Cat owners who are concerned about their cat scratching their furniture may believe that declawing is the best answer. Some vets agree, while others believe that putting the cat to sleep is the only option. Some vets also offer routine declaws as a "combination" with spay/neuter operation, claiming that the cat only has to be sedated once.
Many individuals, like this writer, think that declawing is a cruel surgery that provides no benefit to the cat, unlike spaying and neutering, which has both medical and social advantages. Take a look at the illustration below. Imagine a guillotine slicing off the entire first toe joints. That is what declawing is all about: a needless procedure when there are so many more compassionate options. An immunocompromised individual may be advised by a medical expert to "get rid of the cat" or declaw it. There are no two instances similar, and each person must make his or her own decisions. That, in my opinion, is one of the few valid justifications for declawing (The other is emergency surgery to repair a badly injured foot.)
A Healthy Cat's Coat
A healthy cat's coat should be clean, lustrous, and free of mats, regardless of whether it's called "hair" or "fur." A balanced diet will help keep your cat's coat glossy. A cat fed "grocery store" food will frequently acquire a dry, coarse coat. I've read several accounts of cats' coats changing dramatically after a few weeks of eating premium cat food. All of the "coat supplements" in the world will pale in comparison to a superior diet fed on a daily basis.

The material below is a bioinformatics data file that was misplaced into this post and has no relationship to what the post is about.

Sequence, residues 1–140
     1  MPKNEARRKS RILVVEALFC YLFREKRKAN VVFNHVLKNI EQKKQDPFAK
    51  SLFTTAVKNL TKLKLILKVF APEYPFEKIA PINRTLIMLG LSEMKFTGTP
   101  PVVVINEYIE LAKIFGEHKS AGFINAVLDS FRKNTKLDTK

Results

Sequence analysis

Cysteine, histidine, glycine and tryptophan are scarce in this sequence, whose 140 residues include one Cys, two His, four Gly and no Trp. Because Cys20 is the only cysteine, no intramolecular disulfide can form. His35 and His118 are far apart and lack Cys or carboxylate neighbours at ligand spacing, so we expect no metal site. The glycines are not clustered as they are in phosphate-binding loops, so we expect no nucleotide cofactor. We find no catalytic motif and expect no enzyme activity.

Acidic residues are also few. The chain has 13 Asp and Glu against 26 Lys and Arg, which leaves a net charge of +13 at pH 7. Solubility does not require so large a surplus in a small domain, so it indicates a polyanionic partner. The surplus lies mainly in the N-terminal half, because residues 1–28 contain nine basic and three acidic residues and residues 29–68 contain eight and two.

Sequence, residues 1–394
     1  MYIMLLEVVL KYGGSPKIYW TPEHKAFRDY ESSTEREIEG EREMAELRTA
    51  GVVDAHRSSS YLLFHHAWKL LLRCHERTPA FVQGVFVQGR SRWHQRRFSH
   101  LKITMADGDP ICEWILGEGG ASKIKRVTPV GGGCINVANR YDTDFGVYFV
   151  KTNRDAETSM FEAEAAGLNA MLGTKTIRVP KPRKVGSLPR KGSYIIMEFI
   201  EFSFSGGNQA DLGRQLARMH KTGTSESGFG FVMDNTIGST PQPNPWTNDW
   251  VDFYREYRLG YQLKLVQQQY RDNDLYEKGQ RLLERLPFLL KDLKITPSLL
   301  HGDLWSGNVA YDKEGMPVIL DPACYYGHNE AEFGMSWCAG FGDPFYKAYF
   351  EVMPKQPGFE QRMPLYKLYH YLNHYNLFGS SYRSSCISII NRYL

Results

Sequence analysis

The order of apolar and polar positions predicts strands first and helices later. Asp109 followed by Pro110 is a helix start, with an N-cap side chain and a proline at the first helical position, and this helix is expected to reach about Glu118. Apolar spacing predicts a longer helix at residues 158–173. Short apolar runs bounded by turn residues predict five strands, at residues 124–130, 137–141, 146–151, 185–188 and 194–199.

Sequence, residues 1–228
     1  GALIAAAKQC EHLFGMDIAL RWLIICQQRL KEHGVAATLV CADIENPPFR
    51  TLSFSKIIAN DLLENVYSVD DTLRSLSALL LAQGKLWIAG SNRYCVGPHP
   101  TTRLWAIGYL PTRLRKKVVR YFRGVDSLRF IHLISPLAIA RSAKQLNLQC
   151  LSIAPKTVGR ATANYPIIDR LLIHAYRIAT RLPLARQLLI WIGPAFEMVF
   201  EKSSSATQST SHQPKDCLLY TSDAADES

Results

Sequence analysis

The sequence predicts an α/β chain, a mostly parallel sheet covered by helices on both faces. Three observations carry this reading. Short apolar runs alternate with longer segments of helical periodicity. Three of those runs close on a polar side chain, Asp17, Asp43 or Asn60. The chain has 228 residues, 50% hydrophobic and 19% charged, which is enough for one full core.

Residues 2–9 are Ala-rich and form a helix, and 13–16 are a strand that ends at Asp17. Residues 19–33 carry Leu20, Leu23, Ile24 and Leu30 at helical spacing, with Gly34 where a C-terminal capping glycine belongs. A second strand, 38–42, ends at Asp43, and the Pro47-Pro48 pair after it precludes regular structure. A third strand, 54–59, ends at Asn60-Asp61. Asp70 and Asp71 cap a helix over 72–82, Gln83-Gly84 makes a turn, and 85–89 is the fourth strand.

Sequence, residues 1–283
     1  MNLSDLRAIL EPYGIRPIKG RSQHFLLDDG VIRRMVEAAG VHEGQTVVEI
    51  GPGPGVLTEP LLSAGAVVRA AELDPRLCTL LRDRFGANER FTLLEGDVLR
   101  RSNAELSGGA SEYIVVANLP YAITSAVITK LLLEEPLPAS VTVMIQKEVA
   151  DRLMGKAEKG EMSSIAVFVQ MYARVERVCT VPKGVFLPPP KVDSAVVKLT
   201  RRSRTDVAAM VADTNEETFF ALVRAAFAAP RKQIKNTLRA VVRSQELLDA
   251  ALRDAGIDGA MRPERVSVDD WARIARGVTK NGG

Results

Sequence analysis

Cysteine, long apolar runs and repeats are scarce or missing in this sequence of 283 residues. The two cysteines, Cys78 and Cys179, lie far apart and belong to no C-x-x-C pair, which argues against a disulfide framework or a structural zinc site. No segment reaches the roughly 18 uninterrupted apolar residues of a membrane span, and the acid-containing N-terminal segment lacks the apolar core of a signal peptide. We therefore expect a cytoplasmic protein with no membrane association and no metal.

Hairballs, Mats, and Grooming
Unless a cat is on the show circuit, he will almost never need human assistance with washing. Cats perform an outstanding job of grooming their fur throughout the day with many, brief grooming sessions. The barbs on their tongues work as fine-toothed combs, cleaning individual hairs while also removing loose hairs, preventing matting. Unfortunately, the cat swallows those loose hairs, which can clump together and create terrible hairballs, which can lead to intestinal blockage if not avoided. Longhair cats and cats with deep undercoats are more likely to produce hairballs, although no cat is completely free of them.
Unsightly, Painful Mats
If you catch minor mats early enough, you can rapidly deal with them. Here's how to remove a cat's mat. In senior that can't effectively groom particular portions of their body, large hair mats can form fast. Mats are not only unappealing to look upon, but they are also unpleasant for these cats. They irritate the skin and make it difficult for a cat to lie down in a natural position. The image of an elderly cat sleeping sitting up is a warning flag for probable mats if you've somehow overlooked them. They are not only uncomfortable, but they also serve as a breeding ground for fleas, skin irritation, and fungal diseases.
Hair mats, hairballs, and skin issues may all be avoided with a consistent grooming routine. Examine and clean your cat's ears, if necessary; claw cutting; examine and wash your cat's teeth; and brush or combing your cat's coat. Try the following intervals:
- Combing/Brushing: Daily
- Tooth Cleaning: At least twice a week
- Claw Trimming: Twice a Month; more often as needed
- Ear Exam: Monthly; Cleaning only as needed